Monday, December 22, 2008

How to Decorate Cupcakes: Christmas

Cupcakes are one of the easiest things to whip up for an impromptu get-together, which is exactly why I made these Friday night. I invited my friends over and needed something quick, so I threw a box of cake mix in the oven and just used store bought cream cheese frosting.
To decorate these cupcakes, simple fill a piping bag (or Ziploc) with your frosting of choice. Cut a hole at the bottom (you want it kind of wide, maybe the diameter of a dime) and start at the edge of the cupcake. Go in a circular motion around the cupcake, working the spiral inward until you reach the top. Release the pressure on the piping bag and pull it away. I sprinkled these with my new faves (glitter sprinkles) for a snowy look (except for that one on the end, that was Brad's and he went with Christmas sprinkles).
To make them even more festive you could put red and green frosting in the piping bag for a nice swirl effect when you pipe.

Thursday, December 18, 2008

Baking Basics: Butter

Here's a link to a helpful recent NYT article all about some important basics of butter!

Butter Holds the Secret to Cookies that Sing

Wednesday, December 17, 2008

Dough Temperature: Chocolate Sugarsnaps

Baking cookbooks frequently extol the importance of proper temperature ingredients- very cold butter, room temperature shortening, etc. As any baker knows, those are critical. Butter that's too soft creates thin, greasy cookies, butter that's too cold doesn't whip enough air in, warm egg whites whip more volume, and so on. Knowing these types of things is what helps a recipe succeed, when it may not have worked for others.

But what about dough temperature? Is that as critical as the ingredient temperature? At some point or another I'm sure we've all been racing through a recipe we plan to serve later that day only to be confronted with the words "Chill dough overnight." Ahh! Guess we didn't read through the recipe carefully enough. Now what?

I've always wondered how important chilling overnight really was. Can I do it for two hours and call it a day, especially if i split the dough into smaller chunks? Do I really have to chill at all?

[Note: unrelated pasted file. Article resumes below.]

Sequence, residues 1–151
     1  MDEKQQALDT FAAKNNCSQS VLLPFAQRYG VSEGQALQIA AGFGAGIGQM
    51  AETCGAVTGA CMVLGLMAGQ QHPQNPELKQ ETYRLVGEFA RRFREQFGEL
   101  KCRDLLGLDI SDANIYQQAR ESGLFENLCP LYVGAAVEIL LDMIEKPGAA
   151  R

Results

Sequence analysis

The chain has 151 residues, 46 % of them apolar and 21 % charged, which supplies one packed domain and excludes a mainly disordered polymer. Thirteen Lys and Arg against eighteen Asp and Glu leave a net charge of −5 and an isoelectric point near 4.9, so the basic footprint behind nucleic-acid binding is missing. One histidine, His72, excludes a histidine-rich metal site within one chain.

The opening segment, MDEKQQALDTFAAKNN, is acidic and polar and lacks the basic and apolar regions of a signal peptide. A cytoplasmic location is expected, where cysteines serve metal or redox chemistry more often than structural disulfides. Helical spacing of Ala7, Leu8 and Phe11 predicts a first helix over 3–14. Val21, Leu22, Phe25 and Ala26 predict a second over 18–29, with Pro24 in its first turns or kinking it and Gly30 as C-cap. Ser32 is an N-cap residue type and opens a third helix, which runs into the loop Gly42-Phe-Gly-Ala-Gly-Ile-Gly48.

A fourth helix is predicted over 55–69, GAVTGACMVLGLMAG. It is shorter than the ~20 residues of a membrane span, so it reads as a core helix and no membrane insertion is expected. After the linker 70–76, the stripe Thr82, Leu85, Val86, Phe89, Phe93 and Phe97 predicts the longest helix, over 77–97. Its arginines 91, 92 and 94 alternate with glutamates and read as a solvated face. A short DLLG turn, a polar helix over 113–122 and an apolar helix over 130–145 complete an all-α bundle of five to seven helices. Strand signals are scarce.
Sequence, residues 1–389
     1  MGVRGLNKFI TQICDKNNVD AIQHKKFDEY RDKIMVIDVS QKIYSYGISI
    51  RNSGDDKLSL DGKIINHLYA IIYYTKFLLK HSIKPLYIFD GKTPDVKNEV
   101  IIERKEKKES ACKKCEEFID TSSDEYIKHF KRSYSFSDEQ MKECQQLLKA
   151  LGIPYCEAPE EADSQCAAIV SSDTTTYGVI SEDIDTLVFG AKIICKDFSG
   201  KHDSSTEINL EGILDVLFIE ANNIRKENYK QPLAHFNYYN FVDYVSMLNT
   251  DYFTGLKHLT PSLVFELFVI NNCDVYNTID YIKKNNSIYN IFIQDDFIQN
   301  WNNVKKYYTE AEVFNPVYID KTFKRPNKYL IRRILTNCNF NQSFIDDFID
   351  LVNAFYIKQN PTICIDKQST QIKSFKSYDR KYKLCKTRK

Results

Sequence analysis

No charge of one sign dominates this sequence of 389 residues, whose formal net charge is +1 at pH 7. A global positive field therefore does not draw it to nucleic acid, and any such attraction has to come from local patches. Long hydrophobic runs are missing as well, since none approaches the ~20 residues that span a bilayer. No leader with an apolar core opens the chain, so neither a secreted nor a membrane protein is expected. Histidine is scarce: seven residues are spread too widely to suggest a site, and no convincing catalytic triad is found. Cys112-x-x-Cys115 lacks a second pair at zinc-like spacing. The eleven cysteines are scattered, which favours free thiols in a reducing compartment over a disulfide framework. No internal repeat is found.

So I did a little experiment. This is by no means scientifically sound or even remotly exhaustive. But I thought it was interesting and so I'm sharing my results. This recipe for Chocolate Sugarsnaps called for 30 minutes chilling time. I said to myself, how can that possibly do anything? So I prepared two baking sheets full of cookies. One batch went in the oven and and one was chilled as required.

And you know what? It made a big difference! Check out the picture at the top of this post. The cookies on the left are the ones that weren't chilled. They came out flatter and spread more, while the other cookies had a better, more visually appealing puffier shape. The taste was similar, save for a slightly more greasy feel on the unchilled batch.

I shared these results with my best friend Jenn and she told me she always chills her dough or cookies before baking them, even if the recipe doesn't call for it. So I think I'll be doing that in my next few recipes.

And of course I'll post the recipe here that I used for the sugarsnaps. It's a chewy sugar cookie dough flavored with quality chocolate and rolled in a coating of granulated sugar. I found these delicious (and I am not really a chocolate person), but I'll warn you of something I've noticed over the years: people just don't seem to gravitate towards chocolate colored cookies. I've made these, sables (which were AMAZING), and chocolate white chocolate chip cookies, and I always am greeted with the same reaction: "Those cookies don't really look that good. Yeah they taste good, but I don't know. The look is kind of unappetizing." Maybe that's just my group of friends though. Anyway the point there is, know your audience! They're really delicious but if you have a group that's picky on looks, well, you might want to stick to regular sugar cookies!

Chocolate Sugarsnaps, adapted from Carole Walter's Great Cookies

1 cup flour, spooned in and leveled
2 tbsp Dutch processed cocoa powder
1 tsp baking powder
1/4 tsp salt
1/2 cup unsalted butter, slightly firm
1 cup granulated sugar, divided into 2/3 and 1/3
1/2 lightly packed brown sugar
2 large eggs
1 tsp pure vanilla extract